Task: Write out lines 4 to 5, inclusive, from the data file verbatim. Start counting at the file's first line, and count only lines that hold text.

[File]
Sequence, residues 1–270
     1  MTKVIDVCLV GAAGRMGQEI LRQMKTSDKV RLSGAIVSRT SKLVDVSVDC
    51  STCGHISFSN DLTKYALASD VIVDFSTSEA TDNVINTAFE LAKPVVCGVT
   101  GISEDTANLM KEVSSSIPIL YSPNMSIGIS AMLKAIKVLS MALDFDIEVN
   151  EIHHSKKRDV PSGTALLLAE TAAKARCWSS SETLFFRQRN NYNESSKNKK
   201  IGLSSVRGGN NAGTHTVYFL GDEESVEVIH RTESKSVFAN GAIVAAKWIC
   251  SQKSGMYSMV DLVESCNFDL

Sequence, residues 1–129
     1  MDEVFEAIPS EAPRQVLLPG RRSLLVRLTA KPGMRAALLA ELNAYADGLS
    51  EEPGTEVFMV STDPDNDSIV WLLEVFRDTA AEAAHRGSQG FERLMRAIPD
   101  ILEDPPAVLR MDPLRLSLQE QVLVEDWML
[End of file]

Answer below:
   101  GISEDTANLM KEVSSSIPIL YSPNMSIGIS AMLKAIKVLS MALDFDIEVN
   151  EIHHSKKRDV PSGTALLLAE TAAKARCWSS SETLFFRQRN NYNESSKNKK